Ti Noël had squandered his birthright, and, despite the abject poverty to which he had sunk, he was leving the same inheritance he had received: a body of flesh to which things had happened. Now he understood that a man never knows for whom he suffers and hopes. He suffers and hopes and toils for people he will never know, and who, in turn, will suffer and hope and toil for others who will not be happy either, for man always seeks a happiness far beyond that which is meted out to him. But man's greatness consists in the very fact of wanting to be better than he is. In laying duties upon himself.

In the Kingdom of Heaven there is no grandeur to be won, inasmuch as there, all is an established hierarchy, the unknown is revealed, existence is infinite, there is no possibility of sacrifice, all is rest and joy. For this reason, bowed down by suffering and duties, beautiful in the midst of his misery, capable of loving in the face of afflictions and trials, man finds his greatness, his fullest measure, only in the Kingdom of This World.
(Trans. Harriet de Onís)

It is our ability to be altruistic as we struggle and toil through life that brings us closer to the divine. That is why this life, the kingdom of this world, is when we must prove ourselves.

Man, Carpentier was talented.

Wednesday, February 06, 2008

The Future of America, Taxes, Political Analysis, & Predictions after Super Tuesday

So, the results from last night are very interesting. I feel as though our nation is on the cusp of a coming hard time, no matter the results. The current trade deficit because of petroleum prices is taking vast sums of money out of our economy. Every time you fill up your gas tank, unless you buy from Sinclair, you're most likely putting money into the economies of Venezuela, Saudia Arabia, Kuwait, Mexico, Nigeria, Canada, the United Arab Emirates, Bahrain, or Norway.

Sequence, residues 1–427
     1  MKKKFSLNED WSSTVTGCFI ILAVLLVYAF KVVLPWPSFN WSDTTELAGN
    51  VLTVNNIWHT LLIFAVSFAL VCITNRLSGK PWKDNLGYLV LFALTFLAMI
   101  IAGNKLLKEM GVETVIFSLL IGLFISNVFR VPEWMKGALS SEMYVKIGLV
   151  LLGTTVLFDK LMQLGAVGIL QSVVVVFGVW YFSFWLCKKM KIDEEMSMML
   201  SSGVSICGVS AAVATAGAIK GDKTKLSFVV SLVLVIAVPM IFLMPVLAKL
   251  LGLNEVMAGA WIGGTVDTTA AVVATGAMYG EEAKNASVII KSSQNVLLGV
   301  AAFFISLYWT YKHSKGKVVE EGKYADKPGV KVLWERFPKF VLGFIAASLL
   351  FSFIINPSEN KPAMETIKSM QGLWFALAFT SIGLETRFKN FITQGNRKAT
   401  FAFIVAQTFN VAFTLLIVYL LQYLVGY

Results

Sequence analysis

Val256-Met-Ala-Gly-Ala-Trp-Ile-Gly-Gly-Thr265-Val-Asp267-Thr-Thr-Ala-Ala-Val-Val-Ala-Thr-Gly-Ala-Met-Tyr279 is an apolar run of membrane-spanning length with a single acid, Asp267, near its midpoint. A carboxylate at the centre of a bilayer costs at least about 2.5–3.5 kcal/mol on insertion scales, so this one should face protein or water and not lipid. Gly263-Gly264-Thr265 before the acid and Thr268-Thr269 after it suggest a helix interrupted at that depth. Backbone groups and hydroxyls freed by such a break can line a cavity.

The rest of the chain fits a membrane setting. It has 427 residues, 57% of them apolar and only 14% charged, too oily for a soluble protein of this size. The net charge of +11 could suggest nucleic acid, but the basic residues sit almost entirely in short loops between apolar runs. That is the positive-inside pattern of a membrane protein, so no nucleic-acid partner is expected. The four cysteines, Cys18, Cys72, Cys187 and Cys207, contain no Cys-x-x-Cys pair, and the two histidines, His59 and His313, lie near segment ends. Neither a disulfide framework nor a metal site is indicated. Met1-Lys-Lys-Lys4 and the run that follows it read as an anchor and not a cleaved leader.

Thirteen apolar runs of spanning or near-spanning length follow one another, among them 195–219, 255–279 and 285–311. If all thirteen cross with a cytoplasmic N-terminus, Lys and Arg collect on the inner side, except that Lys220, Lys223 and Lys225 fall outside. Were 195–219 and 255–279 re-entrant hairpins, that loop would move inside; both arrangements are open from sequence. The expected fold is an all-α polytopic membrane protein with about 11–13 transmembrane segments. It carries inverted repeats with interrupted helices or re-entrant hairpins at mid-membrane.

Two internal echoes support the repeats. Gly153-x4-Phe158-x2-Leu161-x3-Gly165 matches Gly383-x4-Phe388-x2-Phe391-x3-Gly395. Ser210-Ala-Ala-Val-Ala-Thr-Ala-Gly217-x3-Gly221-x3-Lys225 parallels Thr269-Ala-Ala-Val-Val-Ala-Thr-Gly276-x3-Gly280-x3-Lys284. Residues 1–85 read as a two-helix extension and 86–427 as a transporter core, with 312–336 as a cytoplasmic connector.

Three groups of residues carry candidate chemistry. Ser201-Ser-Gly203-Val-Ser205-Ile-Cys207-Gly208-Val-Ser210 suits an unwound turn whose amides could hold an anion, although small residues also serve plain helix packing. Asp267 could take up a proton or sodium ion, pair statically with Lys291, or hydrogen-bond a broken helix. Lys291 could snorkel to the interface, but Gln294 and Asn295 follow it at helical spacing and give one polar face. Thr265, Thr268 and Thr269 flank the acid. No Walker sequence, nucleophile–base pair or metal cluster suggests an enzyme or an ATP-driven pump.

I recognize that the people who make more than $250k a year pay 40% of personal income taxes in this country, and I recognize that if you are married and have a child, you don't pay any federal income taxes unless you make above $30k. However, the tax situation in our nation is still not appropriate. I'm not talking about fair; I mean appropriate for the amount of government that we receive. Certainly lowering taxes makes people happy and gives them more money to spend, but the government is spending money that we don't have. We're getting a dollar's worth of services for 90 cents. We're borrowing 10% or more of our budget from the Chinese and other holders of 30-year T-bills.



The Gross National Debt

Something has got to give. We're at war, but we're lowering taxes? It doesn't make sense. No one is being asked to sacrifice anything, save the people who decided to join the military, which is made of the lower class and lower-middle class segments of our society (for the most part).

Now, who doesn't hate taxes? I don't particularly care for them, but when I see what kinds of services that money brings in relation to the rest of the world, which I have toured and seen by the way, then I am thankful that I live in a place where the taxes are used to benefit others. A recent study has shown that, for example, a dollar's worth of food stamps, actually brings $1.67 back into the economy via paying the grocery store employees' salaries, the transportation workers' salaries, the farmers', etc. Those people all earn money, and pay taxes on that money, which stimulates the economy. Giving large tax breaks to corporations on ad valorem taxes does precious little to stimulate the economy.

I also am fully aware that allowing the richest members of society to have more free capital allows them to reinvest that money in job-creating enterprises, yet this is no guarantee that they will. Taxes exist for the benefit of all; there is never a promise that you will receive back in proportion to the amout of taxes you pay. I don't want to live in an economy like Upton Sinclair's The Jungle, or Baldomero Lillo's "La compuerta numero doce," where the workers' needs take second fiddle to the riches of the owner.